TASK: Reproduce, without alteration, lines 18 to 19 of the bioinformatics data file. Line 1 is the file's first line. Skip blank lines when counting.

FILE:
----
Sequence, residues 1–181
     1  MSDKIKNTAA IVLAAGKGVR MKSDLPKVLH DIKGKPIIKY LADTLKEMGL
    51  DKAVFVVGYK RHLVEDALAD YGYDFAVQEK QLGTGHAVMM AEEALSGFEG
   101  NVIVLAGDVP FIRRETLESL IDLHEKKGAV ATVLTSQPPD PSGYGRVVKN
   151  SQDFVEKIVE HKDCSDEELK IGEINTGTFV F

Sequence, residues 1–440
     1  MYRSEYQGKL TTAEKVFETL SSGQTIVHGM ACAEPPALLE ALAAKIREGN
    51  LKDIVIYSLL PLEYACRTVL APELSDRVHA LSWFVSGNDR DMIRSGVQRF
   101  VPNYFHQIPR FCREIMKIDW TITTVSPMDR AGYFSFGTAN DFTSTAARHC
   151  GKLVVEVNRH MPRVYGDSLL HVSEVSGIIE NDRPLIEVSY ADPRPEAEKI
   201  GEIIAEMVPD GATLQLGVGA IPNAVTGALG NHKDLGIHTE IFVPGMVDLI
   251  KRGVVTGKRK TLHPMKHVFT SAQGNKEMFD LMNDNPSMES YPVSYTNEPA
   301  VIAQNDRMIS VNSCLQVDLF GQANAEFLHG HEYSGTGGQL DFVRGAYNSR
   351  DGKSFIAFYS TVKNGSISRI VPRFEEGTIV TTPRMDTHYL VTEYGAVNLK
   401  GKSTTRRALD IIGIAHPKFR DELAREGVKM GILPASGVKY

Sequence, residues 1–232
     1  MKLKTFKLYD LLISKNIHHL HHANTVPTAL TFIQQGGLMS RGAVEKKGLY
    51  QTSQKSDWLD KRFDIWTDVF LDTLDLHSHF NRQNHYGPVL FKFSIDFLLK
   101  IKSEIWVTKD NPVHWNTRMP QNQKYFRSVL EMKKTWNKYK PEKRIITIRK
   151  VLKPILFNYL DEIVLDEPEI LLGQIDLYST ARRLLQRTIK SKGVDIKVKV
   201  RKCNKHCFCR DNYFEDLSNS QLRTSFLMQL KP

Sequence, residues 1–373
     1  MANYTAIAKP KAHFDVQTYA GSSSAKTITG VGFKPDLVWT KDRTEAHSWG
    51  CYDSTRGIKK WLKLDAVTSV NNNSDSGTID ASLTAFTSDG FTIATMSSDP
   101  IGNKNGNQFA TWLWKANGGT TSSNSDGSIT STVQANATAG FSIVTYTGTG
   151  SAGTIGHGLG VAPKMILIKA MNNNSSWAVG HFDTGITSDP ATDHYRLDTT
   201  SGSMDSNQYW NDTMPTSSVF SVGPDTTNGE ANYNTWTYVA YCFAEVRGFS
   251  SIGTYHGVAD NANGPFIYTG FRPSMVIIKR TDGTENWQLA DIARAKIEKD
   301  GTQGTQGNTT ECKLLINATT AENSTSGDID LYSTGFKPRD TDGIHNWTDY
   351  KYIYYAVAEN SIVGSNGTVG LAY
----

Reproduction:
    51  QTSQKSDWLD KRFDIWTDVF LDTLDLHSHF NRQNHYGPVL FKFSIDFLLK
   101  IKSEIWVTKD NPVHWNTRMP QNQKYFRSVL EMKKTWNKYK PEKRIITIRK